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Lease Agreement Legalities: Tread Carefully
Richard Lang

Commercial leases may be exciting to attorneys, but there is probably not a more mind-numbing document to the business person.  The stakes are often very high, though.  People think in terms of monthly rents, like the $16,000 a tenant might pay to rent a 7,000 square foot office.  Assuming that to be base rent plus pass-throughs under a five-year lease, the total rent during the term is almost a million dollars, not counting potential interruption of business and loss of improvements if there is a problem. This post will discuss three of the important clauses business people should understand in a lease of already built space. If the building or space has not been built, the risks are exponential.

Most leases do not represent that the tenant’s intended use is legal in the zoning district, nor do they represent that the available parking is adequate under the zoning law.  If the use is not permitted or the parking is inadequate, the tenant will not be able to open for business, but has no legal excuse for not paying the rent.  Tenant got everything the landlord promised.  To avoid easy come-easy go to that million dollars, tenant must independently verify zoning and parking before signing the lease, as well as requesting that landlord make the representations.

Leases and mortgages have legal priorities.  Generally, the first in time will prime the other. So if tenant signs a lease in a building with a mortgage, the tenant’s lease can be wiped out in a foreclosure, regardless of the fact that the tenant is performing its obligations.  That is very bad news for the tenant who has invested several hundred thousand dollars in wiring, improvements, printing and such, only to be thrown out as early as a few months into the lease.  The lease should require, as a condition of its commencement, that the landlord’s lender deliver a non-disturbance agreement to the tenant, which says if the lender forecloses and the tenant is not in default, the lender will honor the lease.  In a financing after the lease is signed, a lender will still want priority and will insist on a subordination from the tenant, which most leases would require the tenant to give.  In a properly negotiated clause, both lender and tenant will get what they want, because subordination and non-disturbance will both be required.  The document delivered pursuant to the lease in such cases is called a Subordination and Non-Disturbance Agreement (“SNDA”).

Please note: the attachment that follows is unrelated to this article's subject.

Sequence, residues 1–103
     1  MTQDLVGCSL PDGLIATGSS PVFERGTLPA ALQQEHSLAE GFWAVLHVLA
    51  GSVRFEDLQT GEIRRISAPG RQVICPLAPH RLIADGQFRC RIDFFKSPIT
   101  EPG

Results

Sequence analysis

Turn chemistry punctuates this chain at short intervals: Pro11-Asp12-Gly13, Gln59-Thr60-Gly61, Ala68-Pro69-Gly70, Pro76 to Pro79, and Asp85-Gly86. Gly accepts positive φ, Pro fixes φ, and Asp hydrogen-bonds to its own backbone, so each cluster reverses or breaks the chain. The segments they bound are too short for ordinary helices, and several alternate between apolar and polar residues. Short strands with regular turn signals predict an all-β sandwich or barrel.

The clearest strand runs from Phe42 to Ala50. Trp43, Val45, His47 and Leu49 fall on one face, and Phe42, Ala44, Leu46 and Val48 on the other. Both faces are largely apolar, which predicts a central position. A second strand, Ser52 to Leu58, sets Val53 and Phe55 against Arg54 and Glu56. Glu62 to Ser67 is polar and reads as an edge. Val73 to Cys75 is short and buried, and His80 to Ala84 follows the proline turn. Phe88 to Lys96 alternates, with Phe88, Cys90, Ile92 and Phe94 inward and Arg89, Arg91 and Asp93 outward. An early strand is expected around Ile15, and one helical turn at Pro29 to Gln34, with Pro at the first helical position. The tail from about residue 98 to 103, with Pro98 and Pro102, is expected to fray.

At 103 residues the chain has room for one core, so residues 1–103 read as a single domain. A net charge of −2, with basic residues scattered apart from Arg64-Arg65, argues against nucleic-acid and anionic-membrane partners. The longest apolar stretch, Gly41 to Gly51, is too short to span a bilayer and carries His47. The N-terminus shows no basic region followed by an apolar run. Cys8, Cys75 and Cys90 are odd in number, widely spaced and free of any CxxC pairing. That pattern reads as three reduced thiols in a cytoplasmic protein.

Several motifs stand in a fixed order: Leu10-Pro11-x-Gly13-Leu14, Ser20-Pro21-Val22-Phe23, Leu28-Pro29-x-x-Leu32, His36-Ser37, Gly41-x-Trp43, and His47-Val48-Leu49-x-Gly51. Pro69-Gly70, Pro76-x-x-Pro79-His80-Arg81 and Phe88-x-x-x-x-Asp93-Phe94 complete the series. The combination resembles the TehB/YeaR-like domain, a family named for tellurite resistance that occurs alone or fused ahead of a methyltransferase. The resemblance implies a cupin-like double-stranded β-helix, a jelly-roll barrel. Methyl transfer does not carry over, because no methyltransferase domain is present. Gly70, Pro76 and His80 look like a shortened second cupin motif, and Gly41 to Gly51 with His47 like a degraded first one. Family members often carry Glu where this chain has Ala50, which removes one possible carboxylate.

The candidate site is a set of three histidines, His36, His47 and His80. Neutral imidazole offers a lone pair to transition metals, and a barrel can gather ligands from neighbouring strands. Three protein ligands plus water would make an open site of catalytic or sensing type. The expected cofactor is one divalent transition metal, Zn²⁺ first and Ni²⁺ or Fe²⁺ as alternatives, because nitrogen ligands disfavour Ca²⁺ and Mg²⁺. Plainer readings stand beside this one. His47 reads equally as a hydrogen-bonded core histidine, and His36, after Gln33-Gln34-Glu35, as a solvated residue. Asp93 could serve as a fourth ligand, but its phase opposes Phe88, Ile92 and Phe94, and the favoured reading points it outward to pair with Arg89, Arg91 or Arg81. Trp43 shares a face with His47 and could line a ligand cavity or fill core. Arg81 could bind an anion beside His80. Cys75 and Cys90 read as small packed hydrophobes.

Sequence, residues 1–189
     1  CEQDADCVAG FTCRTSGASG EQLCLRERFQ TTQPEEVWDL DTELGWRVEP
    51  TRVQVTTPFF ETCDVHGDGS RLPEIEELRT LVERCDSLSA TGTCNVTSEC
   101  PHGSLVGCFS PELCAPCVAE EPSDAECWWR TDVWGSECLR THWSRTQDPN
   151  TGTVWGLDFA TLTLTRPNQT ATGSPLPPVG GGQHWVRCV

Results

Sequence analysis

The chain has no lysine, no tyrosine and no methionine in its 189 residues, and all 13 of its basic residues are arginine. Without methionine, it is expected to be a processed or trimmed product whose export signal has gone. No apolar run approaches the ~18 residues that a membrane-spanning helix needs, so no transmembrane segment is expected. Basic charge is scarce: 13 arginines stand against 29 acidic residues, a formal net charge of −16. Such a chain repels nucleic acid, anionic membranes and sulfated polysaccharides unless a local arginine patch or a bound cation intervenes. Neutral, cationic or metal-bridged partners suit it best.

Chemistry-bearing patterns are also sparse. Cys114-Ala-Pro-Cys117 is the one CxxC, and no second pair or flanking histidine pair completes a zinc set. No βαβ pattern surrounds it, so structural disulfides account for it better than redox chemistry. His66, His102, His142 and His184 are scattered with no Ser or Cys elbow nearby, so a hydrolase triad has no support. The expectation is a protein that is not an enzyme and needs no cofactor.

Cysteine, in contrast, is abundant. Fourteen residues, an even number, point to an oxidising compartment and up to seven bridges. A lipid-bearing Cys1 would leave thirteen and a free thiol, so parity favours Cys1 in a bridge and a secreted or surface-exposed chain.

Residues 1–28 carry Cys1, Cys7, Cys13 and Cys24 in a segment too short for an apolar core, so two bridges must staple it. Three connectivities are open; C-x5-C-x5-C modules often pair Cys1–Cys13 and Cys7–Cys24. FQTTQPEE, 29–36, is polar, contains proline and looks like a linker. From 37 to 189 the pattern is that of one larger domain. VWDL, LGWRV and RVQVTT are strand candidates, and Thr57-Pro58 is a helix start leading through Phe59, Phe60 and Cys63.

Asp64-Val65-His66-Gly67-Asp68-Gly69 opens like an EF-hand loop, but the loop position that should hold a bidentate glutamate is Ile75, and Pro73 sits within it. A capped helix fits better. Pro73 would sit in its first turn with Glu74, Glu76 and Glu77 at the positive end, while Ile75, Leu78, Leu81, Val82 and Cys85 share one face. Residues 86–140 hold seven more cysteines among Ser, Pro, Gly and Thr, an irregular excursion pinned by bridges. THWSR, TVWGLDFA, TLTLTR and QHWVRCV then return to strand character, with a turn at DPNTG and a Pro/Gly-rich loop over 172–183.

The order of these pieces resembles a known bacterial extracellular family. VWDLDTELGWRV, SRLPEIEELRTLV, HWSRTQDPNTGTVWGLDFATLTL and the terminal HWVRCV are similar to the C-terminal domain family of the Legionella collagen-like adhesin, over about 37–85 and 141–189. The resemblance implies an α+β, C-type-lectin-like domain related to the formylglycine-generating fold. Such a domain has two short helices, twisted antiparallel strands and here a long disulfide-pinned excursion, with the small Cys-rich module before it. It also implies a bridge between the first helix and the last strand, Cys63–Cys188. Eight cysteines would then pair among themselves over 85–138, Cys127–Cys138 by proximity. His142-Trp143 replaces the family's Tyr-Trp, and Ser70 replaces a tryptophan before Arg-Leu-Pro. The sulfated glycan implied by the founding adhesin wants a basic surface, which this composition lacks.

Leases always require the tenant to carry various types of insurance.  The lease should also require the landlord to maintain insurance, especially insuring the full replacement cost of the building, and to apply those proceeds in the event of a casualty to repair of the building.  The application of proceeds clause is often problematic, because most mortgages allow the lender to take the proceeds to pay down the loan.  Either way, the tenant is better protected if the landlord carries insurance.

Leases are important, complex legal documents and tenants are advised to consult experienced counsel before entering in to them.

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